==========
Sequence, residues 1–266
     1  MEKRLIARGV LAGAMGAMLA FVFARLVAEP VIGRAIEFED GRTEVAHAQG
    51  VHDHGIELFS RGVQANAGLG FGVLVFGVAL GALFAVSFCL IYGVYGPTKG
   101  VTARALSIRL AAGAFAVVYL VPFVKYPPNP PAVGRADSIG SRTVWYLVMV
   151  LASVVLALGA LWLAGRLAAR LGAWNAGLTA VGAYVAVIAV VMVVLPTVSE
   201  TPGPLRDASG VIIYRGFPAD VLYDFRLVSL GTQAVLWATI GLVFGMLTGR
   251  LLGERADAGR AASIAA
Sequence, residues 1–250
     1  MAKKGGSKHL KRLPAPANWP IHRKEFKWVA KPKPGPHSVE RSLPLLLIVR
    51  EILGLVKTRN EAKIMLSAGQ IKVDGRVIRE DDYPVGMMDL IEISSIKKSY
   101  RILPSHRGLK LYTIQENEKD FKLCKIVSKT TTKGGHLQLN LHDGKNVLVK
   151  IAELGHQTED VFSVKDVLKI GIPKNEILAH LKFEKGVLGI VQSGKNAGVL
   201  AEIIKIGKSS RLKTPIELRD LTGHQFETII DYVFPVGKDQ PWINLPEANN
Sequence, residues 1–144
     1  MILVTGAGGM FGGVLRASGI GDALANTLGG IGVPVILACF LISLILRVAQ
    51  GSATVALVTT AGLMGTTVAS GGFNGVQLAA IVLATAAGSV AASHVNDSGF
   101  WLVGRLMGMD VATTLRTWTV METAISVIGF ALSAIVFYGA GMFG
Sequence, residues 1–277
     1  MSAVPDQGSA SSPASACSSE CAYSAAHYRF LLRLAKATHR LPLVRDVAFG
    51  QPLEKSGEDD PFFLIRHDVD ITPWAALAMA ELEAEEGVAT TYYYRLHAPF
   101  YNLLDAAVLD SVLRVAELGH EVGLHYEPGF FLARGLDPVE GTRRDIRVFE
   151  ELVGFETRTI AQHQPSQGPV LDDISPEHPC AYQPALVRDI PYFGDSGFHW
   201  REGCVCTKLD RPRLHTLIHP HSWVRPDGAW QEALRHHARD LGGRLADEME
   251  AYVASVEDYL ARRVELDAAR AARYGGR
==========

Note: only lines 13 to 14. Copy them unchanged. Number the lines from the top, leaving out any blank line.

   201  AEIIKIGKSS RLKTPIELRD LTGHQFETII DYVFPVGKDQ PWINLPEANN
Sequence, residues 1–144